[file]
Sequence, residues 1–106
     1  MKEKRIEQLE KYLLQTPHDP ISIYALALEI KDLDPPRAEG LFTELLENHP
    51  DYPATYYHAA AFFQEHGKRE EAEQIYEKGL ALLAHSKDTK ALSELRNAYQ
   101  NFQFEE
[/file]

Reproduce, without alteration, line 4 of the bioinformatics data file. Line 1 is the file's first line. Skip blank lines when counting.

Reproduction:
   101  NFQFEE